A company behind innovation to create healthy forest ecosystems which support successful tree-planting has secured £370,000 in equity investment.
Edinburgh-headquartered Rhizocore Technologies produces locally adapted mycorrhizal fungi to enhance tree-planting projects, a key measure in addressing carbon sequestration. The company’s specially developed fungal pellets are used when new saplings are planted helping accelerate woodland regeneration, improve forest productivity, and increase natural capital benefits.
Rhizocore was founded by Toby Parkes, a Biology graduate from the University of Bath who also holds a PhD in Biochemistry; and David Satori, a Master’s degree graduate in Plant and Fungal Taxonomy, Diversity and Conservation from Queen Mary University of London and the Royal Botanic Gardens, Kew.
The pair developed their business idea with support from the University of Edinburgh’s Roslin Innovation Centre. Rhizocore also participated in the Food & Agriculture Science Transformer (FAST) programme. A collaboration between Deep Science Ventures and the University of Edinburgh, FAST is supported by the University’s Data-Driven Entrepreneurship programme to work with innovative high growth start-ups operating in the agriculture sector. The initiative draws applications from around the world.
The seed investment package secured by Rhizocore includes £85K of equity funding via the Edinburgh Technology Fund (ETF) managed by the University of Edinburgh’s Edinburgh Innovations Investment Team, and a further £85K from Deep Sciences Ventures. An additional £70K comes from climate tech investors including David Rowan with £130K investment from Nucleus Capital, specialist investors which provide finance for purpose-driven entrepreneurs tackling planetary health challenges.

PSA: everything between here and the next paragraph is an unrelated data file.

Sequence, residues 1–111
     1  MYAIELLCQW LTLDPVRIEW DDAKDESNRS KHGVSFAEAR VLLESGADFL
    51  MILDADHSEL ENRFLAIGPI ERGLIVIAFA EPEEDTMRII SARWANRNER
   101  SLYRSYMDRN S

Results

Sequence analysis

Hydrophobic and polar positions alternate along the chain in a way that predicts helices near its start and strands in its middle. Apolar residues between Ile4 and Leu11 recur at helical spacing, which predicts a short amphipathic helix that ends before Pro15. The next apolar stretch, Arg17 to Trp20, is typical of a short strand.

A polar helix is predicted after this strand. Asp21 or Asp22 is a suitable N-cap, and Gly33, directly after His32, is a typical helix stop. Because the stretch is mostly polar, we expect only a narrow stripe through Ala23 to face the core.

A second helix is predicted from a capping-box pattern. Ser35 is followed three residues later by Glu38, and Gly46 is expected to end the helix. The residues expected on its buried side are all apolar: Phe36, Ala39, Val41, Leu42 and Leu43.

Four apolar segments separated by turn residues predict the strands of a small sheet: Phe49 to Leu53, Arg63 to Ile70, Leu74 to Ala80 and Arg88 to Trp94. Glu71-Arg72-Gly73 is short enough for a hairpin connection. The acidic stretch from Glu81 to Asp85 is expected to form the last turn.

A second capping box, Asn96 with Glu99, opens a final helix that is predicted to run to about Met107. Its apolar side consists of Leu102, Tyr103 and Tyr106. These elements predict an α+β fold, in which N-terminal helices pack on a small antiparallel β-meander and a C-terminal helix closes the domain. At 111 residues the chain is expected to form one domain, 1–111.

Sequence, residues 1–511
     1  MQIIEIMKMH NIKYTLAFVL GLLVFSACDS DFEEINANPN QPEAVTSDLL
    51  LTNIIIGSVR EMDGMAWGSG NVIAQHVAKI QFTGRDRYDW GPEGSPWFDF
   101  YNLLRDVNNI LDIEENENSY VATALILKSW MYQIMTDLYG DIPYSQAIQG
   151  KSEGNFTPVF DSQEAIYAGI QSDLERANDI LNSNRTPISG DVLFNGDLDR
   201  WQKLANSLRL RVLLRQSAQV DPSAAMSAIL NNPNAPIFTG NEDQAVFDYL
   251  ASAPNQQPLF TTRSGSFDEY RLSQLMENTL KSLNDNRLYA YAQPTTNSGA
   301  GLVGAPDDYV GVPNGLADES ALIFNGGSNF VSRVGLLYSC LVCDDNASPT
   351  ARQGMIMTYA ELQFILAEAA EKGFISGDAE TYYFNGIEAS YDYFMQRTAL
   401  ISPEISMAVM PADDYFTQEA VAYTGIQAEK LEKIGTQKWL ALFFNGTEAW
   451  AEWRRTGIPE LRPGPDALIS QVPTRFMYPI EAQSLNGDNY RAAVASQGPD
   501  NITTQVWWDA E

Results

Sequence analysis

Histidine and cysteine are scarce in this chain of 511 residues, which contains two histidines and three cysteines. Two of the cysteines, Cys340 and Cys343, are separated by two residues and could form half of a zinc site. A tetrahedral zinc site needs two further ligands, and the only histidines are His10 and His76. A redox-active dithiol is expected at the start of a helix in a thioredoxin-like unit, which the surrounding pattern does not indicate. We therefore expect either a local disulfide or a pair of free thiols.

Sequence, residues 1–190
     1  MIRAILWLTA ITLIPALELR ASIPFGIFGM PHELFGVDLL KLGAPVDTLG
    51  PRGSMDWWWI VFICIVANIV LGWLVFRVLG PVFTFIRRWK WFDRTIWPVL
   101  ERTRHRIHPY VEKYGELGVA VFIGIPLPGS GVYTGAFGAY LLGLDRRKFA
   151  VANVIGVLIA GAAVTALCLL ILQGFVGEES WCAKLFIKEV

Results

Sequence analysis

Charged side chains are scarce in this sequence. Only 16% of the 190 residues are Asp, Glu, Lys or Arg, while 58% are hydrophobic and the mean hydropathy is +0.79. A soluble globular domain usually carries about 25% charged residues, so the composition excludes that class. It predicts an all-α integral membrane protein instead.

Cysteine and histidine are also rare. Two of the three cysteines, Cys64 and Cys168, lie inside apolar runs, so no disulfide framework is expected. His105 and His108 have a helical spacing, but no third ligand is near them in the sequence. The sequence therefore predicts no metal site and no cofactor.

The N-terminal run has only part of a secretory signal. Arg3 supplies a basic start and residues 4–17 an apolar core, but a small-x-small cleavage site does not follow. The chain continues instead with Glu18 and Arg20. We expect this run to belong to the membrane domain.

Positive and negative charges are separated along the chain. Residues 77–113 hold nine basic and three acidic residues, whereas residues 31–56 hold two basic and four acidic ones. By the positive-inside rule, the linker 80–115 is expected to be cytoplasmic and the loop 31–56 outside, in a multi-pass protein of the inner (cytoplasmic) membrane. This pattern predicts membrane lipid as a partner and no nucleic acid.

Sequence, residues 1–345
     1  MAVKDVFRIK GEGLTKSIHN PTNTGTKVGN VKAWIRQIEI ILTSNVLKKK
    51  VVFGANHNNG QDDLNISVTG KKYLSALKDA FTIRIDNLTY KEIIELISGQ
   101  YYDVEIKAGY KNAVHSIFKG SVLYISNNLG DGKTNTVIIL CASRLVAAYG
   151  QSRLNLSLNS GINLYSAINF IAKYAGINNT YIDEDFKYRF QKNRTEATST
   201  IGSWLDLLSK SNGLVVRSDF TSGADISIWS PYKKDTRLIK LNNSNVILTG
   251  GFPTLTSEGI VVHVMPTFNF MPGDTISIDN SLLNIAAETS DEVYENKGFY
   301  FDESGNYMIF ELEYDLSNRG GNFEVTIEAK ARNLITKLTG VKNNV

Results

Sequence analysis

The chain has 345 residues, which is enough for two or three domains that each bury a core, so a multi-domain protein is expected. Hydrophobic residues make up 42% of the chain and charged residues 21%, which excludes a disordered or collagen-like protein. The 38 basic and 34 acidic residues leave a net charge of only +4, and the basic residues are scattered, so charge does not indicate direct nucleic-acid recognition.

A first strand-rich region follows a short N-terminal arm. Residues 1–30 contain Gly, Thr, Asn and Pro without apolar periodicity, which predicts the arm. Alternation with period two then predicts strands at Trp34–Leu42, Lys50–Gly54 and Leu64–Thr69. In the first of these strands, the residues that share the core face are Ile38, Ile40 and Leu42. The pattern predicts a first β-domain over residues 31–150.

The company has also secured around £180K in additional grants from SMART:SCOTLAND, Scottish Edge, the Forestry Commission, and Graduate Career Advantage Scotland. The University of Edinburgh assisted Rhizocore providing strategic business advice including internal and external due diligence support on its recent SMART:SCOTLAND grant application.
Now employing seven staff, Rhizocore will use this additional investment to scale its business across all parts of the UK where local fungi is implemented as part of its production processes. The company will also invest in further strategic partnerships aimed at enhancing woodland ecosystems and increasing carbon sequestration from tree-planting projects.
Rhizocore is currently involved in several existing pilot projects including one with woodland regeneration charity Trees for Life in the Caledonian rainforest, and another with forestry management company Tilhill in the Scottish Borders.
Rhizocore co-founder and CEO Toby Parkes said: “This latest investment will help us scale production as we aim to support the planting of 40 million new trees across the UK every year.
“The range of support we’ve had from angel investors and grant funding bodies is a real testimony to our innovative approach in addressing the challenges of successful and sustainable tree-planting by enhancing local forestry ecosystems.”
Charlotte Waugh, Enterprise and Innovation Programme Lead at Edinburgh Innovations, said: “The University of Edinburgh is proud to support and invest in Rhizocore, a purpose-led business focused on maximising the impact of reforestation projects. The company’s participation in the FAST programme and further support through the Roslin Innovation Centre has helped Rhizocore develop its proposition where it’s now ready to scale for significant growth. We look forward to working with them and supporting the exciting journey that lies ahead.”